Then came the Belmont, where runner-up Oxbow and Orb, who finished third, fared well, but the day belonged to longshot Palace Malice, pioneer owner W. Cothran “Cot” Campbell and 47-year-old jockey Mike Smith.

The 13-1 Palace Malice earned redemption after predictably wilted to finish 12th after setting an unexpected blazing pace in the Derby.  Smith was aboard for the Derby ride, but trainer Todd Pletcher ended a one-race experiment with blinkers, a piece of equipment that surely contributed to his strange Derby run.  This time Palace Malice relaxed behind the early pacesetters, took over with a quarter-mile to run under the 47-year-old Smith and cruised home to win by 3 ¼-lengths.

The result validated Smith’s Hall of Fame credentials and status as a jockey who is frequently at his best when the spotlight is the brightest.  And the win might have been the career highlight for Campbell, an 85-year-old former Aiken, S.C., ad man who pioneered racing’s owner partnership model with Dogwood Stable.  It’s the second classic win for Campbell and Dogwood, who had won the Preakness with Summer Squall in 1990.

While the continued absence of a horse that could sweep the Triple Crown series frustrated many fans, it is difficult to describe three races with a roster of winners that included such respected and treasured figures as the Phippses, Janney, McGaughey, Calumet Farm, Lukas, Campbell and jockeys Stevens and Smith as a disappointment.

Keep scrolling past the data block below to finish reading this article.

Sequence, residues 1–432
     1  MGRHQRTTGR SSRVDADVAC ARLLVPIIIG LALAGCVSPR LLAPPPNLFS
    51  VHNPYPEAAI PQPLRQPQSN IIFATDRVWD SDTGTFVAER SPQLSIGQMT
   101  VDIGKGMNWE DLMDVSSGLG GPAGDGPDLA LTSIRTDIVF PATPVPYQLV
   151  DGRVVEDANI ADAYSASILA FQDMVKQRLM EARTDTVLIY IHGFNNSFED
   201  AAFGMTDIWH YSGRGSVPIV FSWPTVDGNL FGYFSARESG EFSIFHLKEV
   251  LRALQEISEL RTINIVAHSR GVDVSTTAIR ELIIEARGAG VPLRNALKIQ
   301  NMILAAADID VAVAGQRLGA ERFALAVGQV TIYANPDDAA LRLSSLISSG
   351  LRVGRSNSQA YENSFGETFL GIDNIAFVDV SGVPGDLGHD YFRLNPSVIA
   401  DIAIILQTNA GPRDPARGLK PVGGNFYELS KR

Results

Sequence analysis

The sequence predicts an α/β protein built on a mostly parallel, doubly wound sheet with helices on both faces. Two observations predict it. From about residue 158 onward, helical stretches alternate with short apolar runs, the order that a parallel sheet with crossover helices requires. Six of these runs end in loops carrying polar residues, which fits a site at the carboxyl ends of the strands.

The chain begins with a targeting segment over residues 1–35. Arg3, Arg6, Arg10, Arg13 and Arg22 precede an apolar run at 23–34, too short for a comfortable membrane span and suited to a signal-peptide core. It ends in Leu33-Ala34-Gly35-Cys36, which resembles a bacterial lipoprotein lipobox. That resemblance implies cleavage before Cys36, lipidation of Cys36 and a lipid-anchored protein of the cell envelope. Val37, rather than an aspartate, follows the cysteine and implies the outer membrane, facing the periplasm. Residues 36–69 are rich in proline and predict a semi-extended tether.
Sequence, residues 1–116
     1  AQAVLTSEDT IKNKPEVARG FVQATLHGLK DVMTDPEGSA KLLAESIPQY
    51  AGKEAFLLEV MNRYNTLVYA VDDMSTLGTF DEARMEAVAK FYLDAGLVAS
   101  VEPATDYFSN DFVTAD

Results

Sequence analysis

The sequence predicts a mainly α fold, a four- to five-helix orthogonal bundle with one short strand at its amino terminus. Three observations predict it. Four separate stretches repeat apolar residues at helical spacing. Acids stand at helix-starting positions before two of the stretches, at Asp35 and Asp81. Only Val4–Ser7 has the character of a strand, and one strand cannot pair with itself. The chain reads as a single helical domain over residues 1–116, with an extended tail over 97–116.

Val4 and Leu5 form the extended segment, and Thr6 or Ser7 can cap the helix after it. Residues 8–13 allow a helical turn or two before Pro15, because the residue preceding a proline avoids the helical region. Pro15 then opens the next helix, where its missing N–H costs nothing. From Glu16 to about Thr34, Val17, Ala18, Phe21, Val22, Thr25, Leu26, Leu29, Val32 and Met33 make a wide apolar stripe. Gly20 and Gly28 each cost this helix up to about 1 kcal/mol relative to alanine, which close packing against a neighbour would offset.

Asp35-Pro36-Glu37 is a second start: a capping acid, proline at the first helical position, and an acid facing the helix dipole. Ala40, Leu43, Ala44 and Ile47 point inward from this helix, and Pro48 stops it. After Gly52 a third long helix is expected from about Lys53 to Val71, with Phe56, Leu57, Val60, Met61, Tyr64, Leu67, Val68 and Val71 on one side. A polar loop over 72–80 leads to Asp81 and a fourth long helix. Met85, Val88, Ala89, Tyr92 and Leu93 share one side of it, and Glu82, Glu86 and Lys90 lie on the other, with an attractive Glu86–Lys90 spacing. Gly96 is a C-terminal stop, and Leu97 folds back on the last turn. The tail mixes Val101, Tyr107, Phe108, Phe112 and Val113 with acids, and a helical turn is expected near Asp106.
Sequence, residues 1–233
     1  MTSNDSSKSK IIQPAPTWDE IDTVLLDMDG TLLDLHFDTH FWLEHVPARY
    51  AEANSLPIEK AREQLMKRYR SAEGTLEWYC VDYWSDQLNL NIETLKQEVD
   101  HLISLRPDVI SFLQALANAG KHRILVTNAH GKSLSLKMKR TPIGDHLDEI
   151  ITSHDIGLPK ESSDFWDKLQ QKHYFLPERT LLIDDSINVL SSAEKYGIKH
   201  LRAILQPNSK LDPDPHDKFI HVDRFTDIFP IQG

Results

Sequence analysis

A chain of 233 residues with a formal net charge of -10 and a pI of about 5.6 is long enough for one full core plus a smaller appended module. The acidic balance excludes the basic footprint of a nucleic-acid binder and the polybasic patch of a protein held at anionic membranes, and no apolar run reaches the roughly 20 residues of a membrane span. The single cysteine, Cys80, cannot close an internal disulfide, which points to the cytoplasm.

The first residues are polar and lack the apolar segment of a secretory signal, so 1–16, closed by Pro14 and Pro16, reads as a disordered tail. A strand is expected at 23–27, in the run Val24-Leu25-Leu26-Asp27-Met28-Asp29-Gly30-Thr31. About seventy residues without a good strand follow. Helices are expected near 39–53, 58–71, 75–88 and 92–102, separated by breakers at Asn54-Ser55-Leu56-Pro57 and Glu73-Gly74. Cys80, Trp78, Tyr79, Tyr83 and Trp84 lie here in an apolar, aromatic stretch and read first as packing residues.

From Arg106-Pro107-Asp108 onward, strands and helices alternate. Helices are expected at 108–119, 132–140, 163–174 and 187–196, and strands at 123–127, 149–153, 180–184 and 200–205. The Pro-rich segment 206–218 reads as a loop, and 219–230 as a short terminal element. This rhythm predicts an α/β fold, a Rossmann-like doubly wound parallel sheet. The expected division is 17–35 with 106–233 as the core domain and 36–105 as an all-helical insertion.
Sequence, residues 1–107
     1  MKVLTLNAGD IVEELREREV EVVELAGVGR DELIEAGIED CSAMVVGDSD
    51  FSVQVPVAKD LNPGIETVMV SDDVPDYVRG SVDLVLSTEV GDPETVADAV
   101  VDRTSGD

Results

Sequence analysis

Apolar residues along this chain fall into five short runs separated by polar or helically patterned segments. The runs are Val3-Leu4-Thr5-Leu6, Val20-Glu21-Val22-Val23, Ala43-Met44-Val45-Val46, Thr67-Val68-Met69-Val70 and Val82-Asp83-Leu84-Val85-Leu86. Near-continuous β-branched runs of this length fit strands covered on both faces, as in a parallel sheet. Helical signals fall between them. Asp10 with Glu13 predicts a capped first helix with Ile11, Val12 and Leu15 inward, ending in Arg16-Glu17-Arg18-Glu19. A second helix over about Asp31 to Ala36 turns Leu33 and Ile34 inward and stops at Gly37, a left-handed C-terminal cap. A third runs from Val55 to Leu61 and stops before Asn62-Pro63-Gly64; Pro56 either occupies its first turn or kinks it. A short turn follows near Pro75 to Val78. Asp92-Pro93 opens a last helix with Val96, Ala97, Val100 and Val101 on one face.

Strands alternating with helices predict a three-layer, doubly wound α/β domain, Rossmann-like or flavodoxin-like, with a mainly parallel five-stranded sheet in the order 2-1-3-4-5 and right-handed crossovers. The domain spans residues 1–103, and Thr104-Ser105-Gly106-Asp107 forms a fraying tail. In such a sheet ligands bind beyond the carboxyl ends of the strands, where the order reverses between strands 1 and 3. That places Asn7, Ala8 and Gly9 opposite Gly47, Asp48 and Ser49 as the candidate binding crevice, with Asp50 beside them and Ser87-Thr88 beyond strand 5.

Just call it a “Throwback Triple Crown” and savor a five-week period during which this group that has meant so much to racing over a span of nearly a century took turns in the spotlight.

The 3-year-olds that participated in the Triple Crown races will now take a collective breather and look toward races like the Travers at Saratoga and Monmouth Park’s Haskell Invitational and, after that, races against older foes that will test and affirm their talent and quality.

Many of the top older horses in training will compete Saturday night at Churchill Downs in the $500,000 Stephen Foster Handicap, a Grade I event and a “Win and You’re In” race on the road to this fall’s $5 million Breeders’ Cup Classic.   The evening will feature ceremonies during which McGaughey and winning jockey will accept the engraved trophies earned in Orb’s Kentucky Derby triumph.

The Foster field includes 2012 Foster winner Fort Larned, defending winner Ron the Greek, 2011 winner Pool Play, multiple stakes winner Successful Dan and rising star Take Charge Indy.  Three other stakes races will be featured during the first of three consecutive “Downs After Dark” Saturday night racing programs, with two-time champion and defending winner Royal Delta due to run in the $175,000 Fleur De Lis Handicap.